Now go to File, Export png. There will be a default export path that you can modify or leave as is. To modify the path click the “Export As”. Notice that the default filename is a bit random; you may want to name it more appropriately before clicking on “Export” to save the file.
Also, notice also that the size and resolution are shown. If you change the size here, the resolution will change as well. If you change the size using the image and SHIFT+CTRL or CTRL key the resolution will remain as is and just the filesize will be modified. For most graphics, sizes below 1980 pixels can easily be managed with most online editors. If you know you need it in a certain size just go back to the image and resize by selecting the arrow and then dragging a corner of the image larger or smaller as needed.
Save the new file
Once the image or graphic is close to the desired size go back to the Export menu, add in a filename and click “Export”. Be sure to give it the png or jpg extension.
If you need transparent pngs, take note. One final item about Inkscape I don’t particularly like is that it doesn’t explicitly let you decide up front whether you want the exported png to be transparent or not. In 99 of out 100 cases, you’ll want background transparency. So to set that up it’s configured via the File, Document Properties menu as shown. The “A” channel is called the alpha channel and that needs to be set to 0.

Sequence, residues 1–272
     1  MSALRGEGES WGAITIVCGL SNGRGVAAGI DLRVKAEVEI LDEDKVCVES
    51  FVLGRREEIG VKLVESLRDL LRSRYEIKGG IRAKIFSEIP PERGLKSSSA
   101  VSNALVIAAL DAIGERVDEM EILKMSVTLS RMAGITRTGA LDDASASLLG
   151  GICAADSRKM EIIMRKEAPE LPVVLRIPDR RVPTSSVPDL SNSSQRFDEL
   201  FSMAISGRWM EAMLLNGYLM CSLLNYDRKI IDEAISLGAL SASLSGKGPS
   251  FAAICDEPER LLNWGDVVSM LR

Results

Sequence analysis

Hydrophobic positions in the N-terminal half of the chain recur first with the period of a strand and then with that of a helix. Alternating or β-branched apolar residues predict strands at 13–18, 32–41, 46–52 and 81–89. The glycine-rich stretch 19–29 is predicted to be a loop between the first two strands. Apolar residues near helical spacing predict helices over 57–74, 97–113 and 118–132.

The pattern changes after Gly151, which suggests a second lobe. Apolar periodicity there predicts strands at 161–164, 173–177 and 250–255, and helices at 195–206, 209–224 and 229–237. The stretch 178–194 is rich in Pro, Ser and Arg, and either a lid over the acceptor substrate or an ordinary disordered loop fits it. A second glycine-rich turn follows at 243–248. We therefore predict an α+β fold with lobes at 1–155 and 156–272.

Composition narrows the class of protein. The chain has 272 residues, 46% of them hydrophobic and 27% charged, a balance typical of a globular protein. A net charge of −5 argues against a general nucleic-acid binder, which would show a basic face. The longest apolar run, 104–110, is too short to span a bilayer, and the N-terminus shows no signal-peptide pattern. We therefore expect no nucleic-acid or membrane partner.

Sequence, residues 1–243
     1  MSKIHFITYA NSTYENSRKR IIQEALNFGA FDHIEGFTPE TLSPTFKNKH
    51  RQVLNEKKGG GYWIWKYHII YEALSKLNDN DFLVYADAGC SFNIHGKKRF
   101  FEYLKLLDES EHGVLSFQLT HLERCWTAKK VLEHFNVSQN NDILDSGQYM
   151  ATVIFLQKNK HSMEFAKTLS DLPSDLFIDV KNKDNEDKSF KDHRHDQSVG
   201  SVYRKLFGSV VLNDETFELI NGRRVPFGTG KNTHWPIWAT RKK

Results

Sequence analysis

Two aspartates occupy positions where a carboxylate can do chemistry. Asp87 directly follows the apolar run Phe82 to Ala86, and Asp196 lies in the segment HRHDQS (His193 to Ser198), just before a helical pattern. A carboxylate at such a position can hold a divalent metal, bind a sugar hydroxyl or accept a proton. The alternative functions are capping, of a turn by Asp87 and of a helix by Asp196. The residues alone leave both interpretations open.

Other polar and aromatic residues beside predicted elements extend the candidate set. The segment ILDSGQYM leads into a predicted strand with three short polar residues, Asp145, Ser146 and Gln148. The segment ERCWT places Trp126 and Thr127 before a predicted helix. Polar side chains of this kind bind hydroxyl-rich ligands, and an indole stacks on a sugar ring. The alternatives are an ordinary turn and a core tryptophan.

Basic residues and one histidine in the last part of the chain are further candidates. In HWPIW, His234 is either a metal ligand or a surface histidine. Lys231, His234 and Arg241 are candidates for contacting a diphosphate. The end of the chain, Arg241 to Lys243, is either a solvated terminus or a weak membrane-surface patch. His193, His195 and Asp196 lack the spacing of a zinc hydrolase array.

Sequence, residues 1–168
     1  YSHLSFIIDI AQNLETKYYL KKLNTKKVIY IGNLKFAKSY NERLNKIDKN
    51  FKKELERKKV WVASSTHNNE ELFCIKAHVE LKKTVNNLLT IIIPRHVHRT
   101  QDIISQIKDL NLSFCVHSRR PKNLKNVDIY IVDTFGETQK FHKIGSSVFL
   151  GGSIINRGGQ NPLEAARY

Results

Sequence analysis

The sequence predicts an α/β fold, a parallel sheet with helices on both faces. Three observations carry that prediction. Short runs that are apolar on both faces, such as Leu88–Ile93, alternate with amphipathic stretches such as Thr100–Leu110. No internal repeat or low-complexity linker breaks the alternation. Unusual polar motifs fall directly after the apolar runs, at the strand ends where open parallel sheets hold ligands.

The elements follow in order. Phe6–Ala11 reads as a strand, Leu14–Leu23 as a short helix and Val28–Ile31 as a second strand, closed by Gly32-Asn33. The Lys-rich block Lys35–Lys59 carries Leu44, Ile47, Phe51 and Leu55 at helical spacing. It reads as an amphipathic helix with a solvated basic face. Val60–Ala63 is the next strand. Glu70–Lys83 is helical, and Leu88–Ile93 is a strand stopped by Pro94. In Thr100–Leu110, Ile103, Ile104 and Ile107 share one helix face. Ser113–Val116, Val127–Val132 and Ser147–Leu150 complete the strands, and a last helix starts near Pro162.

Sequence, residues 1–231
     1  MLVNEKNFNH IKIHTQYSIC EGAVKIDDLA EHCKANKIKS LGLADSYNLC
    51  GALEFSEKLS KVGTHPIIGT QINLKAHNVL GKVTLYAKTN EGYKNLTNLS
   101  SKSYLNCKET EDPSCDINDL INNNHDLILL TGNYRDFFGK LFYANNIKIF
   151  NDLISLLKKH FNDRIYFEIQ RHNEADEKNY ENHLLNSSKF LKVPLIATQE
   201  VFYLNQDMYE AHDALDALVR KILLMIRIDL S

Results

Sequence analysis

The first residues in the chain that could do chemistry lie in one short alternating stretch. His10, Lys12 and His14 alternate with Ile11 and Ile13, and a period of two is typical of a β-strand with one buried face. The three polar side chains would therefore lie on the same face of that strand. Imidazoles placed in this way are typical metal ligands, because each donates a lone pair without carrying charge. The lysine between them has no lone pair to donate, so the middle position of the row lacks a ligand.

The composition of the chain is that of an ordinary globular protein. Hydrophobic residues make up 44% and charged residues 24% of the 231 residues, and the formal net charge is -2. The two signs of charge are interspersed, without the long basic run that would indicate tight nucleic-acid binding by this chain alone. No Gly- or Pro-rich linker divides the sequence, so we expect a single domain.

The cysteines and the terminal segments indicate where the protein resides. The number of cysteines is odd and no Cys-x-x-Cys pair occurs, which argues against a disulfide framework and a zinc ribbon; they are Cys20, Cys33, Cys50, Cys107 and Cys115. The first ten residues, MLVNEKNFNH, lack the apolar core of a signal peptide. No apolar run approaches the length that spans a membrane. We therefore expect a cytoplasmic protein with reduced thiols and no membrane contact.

Now that the image is converted, I can use any method I wish to extract the unicorn, change its color or remove the background from the unicorn. Then I can use the unicorn with my favorite editor and create a new unique version or add it into another graphic I’m making.
The point is not to make cool looking unicorns; it’s about using the technique on an image you need to convert so you can create whatever graphic you need.
Want to know how to make cool graphics using free starting images, icons and illustrations like what I’ve shown here? Check out my course. Whether you’re creating graphics with unicorns or creating graphics for a blog, social media or project, you can make unique images from free resources by editing and combining them. With all the online resources, editors, downloadable software and a bit of know-how, your stunning graphics with be unique, engaging and perfect for your needs.